Wold said he loses sleep thinking about what could happen to clients as turnover in his agency continues. In the first three quarters of the 2018 budget year, 17.4 percent of its workforce left the agency, according to a Texas Department of Family and Protective Services report released in July. The agency, which has 524 caseworkers statewide, projected it would lose 78 first-year workers before the end of the budget year. The fiscal year has ended, but the department doesn't have new turnover numbers available.
“We’re relatively unstable,” Wold said. “When you have turnover in a complex job like APS, best-case scenario you become inefficient, worse-case scenario somebody makes a poor decision or somebody fails to identify a root cause or fails to identify a safety issue.”
Lots of turnover means caseworkers need to visit more people. There is no national standard for how many clients a caseworker should have. In fiscal year 2017, the average daily caseload for Texas caseworkers was 33.8, but went down to 30.9 the following year. The agency said in its most recent quarterly report that the workloads "remain higher than ideal" despite the numbers going down slightly.
The problems with high turnover and increased workloads is similar to what Child Protective Services was experiencing two years ago. At the time, the child welfare agency was making headlines over children sleeping in state offices, overworked caseworkers and some endangered children going unseen by workers. During the 2017 session, legislators made a sweeping overhaul of the program and right before that increased worker salaries by $12,000. Agency officials and child welfare advocates credit the raises for the decreased staff turnover and caseloads. In fiscal year 2016, Child Protective Services caseworker turnover was 25.3 percent. It dropped to 18.4 percent the following year.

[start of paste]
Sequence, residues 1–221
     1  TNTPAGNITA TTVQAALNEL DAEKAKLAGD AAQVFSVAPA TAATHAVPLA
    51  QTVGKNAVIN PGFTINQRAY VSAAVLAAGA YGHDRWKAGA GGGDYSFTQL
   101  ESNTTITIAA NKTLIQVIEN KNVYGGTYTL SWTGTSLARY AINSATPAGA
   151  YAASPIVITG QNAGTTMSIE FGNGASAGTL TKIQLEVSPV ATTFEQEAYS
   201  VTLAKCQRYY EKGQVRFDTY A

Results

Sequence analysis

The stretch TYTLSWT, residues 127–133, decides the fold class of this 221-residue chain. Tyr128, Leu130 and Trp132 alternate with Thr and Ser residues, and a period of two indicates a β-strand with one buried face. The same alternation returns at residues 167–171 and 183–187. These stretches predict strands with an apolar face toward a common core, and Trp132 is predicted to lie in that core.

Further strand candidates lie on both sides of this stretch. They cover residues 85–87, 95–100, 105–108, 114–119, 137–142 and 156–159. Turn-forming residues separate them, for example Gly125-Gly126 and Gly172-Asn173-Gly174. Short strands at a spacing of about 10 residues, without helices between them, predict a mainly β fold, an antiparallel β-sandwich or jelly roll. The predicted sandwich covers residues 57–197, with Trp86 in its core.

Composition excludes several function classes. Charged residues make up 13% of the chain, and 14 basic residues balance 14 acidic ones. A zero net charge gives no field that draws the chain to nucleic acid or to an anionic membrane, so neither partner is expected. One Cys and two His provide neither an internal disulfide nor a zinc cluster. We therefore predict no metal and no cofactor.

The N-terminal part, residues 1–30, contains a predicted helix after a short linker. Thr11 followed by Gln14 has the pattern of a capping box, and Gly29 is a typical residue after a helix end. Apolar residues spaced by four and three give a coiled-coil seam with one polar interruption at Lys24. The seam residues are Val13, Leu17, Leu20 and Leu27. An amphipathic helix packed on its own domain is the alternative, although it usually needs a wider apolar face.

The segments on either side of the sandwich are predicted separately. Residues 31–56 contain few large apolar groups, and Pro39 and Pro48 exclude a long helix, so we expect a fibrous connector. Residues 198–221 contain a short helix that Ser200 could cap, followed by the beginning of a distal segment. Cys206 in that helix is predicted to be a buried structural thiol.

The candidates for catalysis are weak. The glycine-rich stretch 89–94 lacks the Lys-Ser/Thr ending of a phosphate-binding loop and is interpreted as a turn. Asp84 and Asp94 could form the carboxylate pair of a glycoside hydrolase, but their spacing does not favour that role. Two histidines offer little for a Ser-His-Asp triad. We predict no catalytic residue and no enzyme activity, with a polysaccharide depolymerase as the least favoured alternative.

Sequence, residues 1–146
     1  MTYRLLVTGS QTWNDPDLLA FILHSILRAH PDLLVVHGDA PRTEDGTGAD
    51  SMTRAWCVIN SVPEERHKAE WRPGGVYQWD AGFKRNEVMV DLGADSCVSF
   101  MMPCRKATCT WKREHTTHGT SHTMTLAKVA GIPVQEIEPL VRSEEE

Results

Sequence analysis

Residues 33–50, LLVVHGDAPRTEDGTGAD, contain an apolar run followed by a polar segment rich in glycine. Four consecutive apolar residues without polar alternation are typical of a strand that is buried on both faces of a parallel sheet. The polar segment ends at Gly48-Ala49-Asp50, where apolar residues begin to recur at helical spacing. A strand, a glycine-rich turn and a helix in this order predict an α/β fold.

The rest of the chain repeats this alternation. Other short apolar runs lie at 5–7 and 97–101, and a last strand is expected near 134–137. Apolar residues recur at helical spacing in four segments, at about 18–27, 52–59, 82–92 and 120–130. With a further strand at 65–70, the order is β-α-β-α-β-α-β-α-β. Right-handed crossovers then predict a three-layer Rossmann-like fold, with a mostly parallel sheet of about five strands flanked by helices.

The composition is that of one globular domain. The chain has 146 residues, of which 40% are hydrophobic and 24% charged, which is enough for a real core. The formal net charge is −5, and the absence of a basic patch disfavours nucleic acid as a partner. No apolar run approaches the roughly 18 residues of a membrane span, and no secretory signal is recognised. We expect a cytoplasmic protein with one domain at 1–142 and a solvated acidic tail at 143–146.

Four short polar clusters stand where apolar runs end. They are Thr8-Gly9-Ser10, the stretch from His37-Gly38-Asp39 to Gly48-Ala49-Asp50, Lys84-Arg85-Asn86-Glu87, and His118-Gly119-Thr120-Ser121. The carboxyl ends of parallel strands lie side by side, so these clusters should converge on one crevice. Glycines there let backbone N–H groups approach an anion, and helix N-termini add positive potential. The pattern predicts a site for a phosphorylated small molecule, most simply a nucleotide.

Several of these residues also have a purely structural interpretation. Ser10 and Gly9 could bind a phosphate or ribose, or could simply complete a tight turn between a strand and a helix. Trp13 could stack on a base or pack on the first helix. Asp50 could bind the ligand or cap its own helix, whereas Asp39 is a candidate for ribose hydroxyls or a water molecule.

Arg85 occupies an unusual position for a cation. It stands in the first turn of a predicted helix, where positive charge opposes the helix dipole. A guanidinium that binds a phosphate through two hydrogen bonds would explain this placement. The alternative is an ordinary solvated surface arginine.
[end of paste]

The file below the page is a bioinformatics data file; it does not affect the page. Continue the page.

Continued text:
But after the child welfare agency's salary increases, Adult Protective Services saw a 24-percent uptick in turnover — and that number doesn't include at least 27 workers who switched to Child Protective Services after the raises went into effect.
“Staff leaving APS places additional stress on the staff who remain at APS, as remaining staff work abandoned caseloads from peers who leave,” agency officials wrote in their budget request. “New hires are quickly faced with high caseloads due to the constant turnover, soon become stressed, and often quit before they have been with APS for a year.”
Gilliam said if she had to come into the job at the current starting pay, she wouldn’t have done it; the pay is not equal to the difficult work they do. Her annual salary is $52,045. A first-level caseworker typically makes $31,923, annually, according to The Texas Tribune's Government Salary Explorer database.
“You kind of get treated like a stepchild,” she said. “You got to care about people to do this job.”
Wold and other agency officials are hoping legislators will approve their $17.8 million request for worker raises. If approved, 517 staffers would receive a $12,000 annual salary increase.
“Sometimes we do feel like we don’t get enough attention,” Wold said. “Not just from the Legislature but from the media and from the community, and so we do feel like we have to continually try to get our message out, make sure people are aware of who we are and what we do.”
Right now the program is “a gathering storm,” said Tim Morstad, associate state director for AARP Texas. He pointed out that the agency made a request for a $10.7 million budget increase during the 2017 session to add caseworkers. The House approved it, but the Senate did not.